The last couple of years have shown that the balance of power is increasingly in favour of China. While businesses continue to push for the Chinese market, because of its size, there is a growing risk of a hegemonic project coming from China. “We are talking about digital authoritarianism and political conditionality. Paris’ reading is changing, and steps are being taken to curtail Chinese influence.” Gomart takes a historical perspective on these events, referring to the early modern era and how Chinese investments in harbours on the side of the Atlantic Ocean mirror the age of European discovery.
“The Chinese have a systemic approach and the ability to divide Europeans. I can see a situation in the future where European countries will be forced to choose between the US and China, which will lead to a split between countries.”
Some EU member states have already accepted Chinese investments in critical sectors – consider Huawei and 5G. Gomart is cautious and thinks additional steps are needed to filter any Chinese investments. In terms of negotiations, the EU needs to drive a harder bargain and obtain greater and more equitable access to the Chinese market. However, there will be attempts from the Chinese side to get Europe to choose its camp against the US.
Hence, the French relationship with Central Europe is better understood when seen through the prism of global strategic challenges. Paris is concerned with its own as well as Europe’s scope for action in these circumstances. “Do we think that Europe could act on its own and manage a situation like in Syria? I feel there is a risk the EU might disappear.” Thomas Gomart worries about how competition between the US and China may happen at the expense of the EU.
Therefore, there is a need to think at the European level how to make foreign policy a more effective tool. “France experiences fatigue with the current institutional approach of the EU and wants the means to react more quickly.” Macron favours intergovernmentalism in this field because it has worked better in situations such as Ukraine and Syria:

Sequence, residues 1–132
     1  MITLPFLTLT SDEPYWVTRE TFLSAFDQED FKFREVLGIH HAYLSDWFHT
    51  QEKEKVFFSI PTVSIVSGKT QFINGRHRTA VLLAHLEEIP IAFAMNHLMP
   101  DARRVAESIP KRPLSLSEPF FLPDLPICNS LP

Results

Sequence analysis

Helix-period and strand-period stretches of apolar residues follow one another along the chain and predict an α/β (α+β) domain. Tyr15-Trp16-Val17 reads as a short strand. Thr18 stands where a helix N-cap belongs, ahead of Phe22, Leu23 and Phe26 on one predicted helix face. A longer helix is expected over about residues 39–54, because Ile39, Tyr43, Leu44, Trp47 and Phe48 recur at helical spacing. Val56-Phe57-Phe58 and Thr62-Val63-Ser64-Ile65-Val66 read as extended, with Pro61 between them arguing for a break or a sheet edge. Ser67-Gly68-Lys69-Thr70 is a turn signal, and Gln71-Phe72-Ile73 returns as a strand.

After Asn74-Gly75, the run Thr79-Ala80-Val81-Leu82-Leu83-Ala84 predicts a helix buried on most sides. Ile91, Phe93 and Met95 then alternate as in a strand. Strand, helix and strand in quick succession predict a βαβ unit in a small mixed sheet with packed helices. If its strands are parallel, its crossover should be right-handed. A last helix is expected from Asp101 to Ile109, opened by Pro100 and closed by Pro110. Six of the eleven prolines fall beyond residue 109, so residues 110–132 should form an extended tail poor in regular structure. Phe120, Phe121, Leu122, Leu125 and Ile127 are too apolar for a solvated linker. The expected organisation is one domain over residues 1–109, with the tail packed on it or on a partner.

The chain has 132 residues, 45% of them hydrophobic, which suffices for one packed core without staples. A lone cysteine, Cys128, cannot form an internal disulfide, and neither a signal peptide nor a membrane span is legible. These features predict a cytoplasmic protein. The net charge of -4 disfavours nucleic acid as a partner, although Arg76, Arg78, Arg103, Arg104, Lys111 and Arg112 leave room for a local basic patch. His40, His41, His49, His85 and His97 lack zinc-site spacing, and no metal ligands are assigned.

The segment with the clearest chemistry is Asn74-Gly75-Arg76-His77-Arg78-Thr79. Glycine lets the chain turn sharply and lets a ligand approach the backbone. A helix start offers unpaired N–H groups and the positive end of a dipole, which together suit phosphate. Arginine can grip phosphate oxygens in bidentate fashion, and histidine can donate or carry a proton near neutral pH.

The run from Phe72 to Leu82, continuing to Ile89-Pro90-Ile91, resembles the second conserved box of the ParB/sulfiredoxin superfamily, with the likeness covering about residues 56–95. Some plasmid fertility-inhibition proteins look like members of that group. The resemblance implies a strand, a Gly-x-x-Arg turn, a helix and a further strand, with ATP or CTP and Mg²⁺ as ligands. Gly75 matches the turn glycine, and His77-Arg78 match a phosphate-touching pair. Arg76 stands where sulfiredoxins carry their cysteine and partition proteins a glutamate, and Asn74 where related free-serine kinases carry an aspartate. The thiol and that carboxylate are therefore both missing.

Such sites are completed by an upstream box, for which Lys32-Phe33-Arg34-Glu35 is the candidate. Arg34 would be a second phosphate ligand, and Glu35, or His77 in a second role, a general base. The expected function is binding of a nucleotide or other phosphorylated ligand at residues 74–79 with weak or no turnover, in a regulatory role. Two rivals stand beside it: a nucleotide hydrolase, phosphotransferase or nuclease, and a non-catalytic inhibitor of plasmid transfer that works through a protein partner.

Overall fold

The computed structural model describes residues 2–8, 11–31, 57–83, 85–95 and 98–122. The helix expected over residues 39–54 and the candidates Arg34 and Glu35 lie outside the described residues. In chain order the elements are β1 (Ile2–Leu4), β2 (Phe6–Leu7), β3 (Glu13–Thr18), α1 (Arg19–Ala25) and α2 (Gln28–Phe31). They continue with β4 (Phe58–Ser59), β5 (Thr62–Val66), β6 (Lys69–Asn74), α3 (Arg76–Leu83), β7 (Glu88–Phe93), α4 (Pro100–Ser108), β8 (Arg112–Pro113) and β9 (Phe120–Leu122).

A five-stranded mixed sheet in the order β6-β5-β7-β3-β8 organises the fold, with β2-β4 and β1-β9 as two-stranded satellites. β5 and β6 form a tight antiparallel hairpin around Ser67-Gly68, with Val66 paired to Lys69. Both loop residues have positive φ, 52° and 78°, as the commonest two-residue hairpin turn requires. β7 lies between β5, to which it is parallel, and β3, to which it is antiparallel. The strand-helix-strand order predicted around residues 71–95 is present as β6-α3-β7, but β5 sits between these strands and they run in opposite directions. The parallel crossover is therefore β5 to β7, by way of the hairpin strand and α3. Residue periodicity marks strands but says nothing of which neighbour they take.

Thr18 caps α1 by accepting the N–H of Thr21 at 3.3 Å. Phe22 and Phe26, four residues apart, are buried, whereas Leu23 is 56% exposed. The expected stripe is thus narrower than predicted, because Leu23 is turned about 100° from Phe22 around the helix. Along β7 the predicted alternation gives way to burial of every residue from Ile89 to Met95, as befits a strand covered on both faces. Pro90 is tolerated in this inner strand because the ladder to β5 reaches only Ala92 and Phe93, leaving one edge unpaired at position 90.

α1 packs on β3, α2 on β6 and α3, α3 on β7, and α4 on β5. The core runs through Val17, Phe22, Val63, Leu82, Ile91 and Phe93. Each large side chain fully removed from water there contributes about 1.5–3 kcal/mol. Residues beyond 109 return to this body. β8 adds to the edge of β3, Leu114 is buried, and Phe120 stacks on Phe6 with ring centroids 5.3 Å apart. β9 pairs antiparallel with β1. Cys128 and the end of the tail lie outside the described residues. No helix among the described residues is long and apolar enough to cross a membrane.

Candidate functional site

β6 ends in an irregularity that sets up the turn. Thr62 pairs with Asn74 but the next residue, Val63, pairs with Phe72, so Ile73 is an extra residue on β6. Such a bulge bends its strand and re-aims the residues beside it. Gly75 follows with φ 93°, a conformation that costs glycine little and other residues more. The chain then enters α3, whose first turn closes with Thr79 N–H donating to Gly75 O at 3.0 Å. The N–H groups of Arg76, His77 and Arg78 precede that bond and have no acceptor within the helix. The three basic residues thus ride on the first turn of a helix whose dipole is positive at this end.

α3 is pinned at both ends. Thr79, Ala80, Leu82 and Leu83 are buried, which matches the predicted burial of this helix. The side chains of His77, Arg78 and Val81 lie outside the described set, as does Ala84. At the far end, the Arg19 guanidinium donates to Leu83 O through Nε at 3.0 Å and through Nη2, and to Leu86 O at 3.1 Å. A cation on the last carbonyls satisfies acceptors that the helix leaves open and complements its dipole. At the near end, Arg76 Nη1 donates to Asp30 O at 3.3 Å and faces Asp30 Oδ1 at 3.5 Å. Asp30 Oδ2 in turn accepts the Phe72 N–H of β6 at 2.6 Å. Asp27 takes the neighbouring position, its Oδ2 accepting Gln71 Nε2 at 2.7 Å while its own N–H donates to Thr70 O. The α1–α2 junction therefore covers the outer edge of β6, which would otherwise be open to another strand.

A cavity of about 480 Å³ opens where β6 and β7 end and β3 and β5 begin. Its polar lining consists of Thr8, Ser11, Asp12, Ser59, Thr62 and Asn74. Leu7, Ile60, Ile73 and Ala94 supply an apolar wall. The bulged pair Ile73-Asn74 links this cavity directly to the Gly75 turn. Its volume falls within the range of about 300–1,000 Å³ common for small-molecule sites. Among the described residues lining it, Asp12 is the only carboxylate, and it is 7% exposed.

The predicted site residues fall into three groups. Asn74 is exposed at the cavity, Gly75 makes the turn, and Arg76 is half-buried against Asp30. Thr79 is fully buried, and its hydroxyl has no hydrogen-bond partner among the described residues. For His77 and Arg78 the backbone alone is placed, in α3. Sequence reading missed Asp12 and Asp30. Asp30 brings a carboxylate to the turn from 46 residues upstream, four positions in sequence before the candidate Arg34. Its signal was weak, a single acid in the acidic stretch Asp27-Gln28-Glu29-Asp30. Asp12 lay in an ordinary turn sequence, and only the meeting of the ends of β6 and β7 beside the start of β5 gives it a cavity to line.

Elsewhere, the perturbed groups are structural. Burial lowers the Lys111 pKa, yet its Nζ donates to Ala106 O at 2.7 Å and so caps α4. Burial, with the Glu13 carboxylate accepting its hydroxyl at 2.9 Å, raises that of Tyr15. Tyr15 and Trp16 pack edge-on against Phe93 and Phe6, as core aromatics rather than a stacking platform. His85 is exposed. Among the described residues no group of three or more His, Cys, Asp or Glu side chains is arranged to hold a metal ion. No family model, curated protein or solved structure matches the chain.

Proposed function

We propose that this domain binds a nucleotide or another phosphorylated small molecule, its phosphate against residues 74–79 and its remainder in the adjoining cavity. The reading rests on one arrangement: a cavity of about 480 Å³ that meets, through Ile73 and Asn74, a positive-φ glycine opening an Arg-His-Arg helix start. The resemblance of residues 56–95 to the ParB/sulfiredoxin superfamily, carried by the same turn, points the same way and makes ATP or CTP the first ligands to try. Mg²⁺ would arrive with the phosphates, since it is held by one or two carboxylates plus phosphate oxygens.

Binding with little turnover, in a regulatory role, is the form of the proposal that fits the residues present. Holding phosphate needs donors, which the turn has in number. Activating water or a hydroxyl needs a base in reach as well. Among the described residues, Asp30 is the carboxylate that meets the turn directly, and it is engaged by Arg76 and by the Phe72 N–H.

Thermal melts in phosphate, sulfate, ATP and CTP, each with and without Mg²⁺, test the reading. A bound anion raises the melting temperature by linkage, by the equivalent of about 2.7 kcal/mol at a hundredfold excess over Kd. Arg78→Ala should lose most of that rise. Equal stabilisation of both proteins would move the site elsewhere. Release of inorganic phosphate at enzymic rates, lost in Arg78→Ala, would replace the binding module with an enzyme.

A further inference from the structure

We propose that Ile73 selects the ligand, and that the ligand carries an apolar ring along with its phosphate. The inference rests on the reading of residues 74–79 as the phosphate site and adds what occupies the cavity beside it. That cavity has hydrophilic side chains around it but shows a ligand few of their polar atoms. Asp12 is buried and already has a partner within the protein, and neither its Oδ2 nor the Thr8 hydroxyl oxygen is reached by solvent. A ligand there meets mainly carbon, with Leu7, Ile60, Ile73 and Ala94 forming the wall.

“However, we welcome the idea of a more geopolitical commission, or even better, a geo-economics one, because even trade policy should be about strategic autonomy.”
Gomart also evokes the prospect of Britain leaving the European Union, “a disaster because of the interconnected security policy.” Brexit has also meant a turning point from the perspective of enlargement. “The idea of growing ever more numerous has ended, and the question of internal cohesion takes priority now.” According to Gomart, the French president has concluded that he was too ambitious with Europe in terms of integration.
“Macron wanted to move towards closer integration before dealing with enlargement. He sees the political evolution within countries, such as the populist push in France and elsewhere, as a more immediate threat. And the solution to this problem is not enlargement.”
Although the French presidency is aware that the prospect of enlargement is important to the Western Balkans, the mood in Paris is unlikely to change. “From the French perspective, the EU is a house without doors and windows. We never wanted the EU to be limitless but to take borders into consideration. We need to agree on migration before taking further steps on enlargement.”
The French stance on enlargement clearly pits it against the V4 demand to keep the prospect open of the Western Balkan countries joining the EU. Angela Merkel’s recent opening towards a deal on starting EU membership talks with Albania and North Macedonia is intended to add pressure on President Macron.
In response, Gomart recalls the French concern over the Eastern Partnership: “The EU designed it as a technocratic instrument while in practice it was a geopolitical move, at least how it was understood in Russia. This was seen as a big mistake and a major cause for the present situation in Ukraine.”
While French hesitation with enlargement appears to have less to do with questions of rule of law, the present circumstances in Poland are a cause for concern in Paris:
“The differences between Poland and France do not concern differences of interest but a discrepancy in their respective outlook. France wants a major reform of the EU while Poland appears status-quo oriented.”
Gomart considers that the lack of initiative and ambition coming from Warsaw – a desire to retain cohesion funds under the next MFF but hold off from deepening integration – is the primary obstacle to a better relationship with France.
The upcoming visit of Emmanuel Macron to Warsaw may aid to break the pattern of a deteriorating relationship; a possible reset between Poland and France could unblock a number of agenda points related to the future of Europe. However, much will depend on the extent to which France’s global outlook can be reconciled with the region’s priorities regarding the EU’s long-term budget and the Union’s enlargement to the Western Balkans.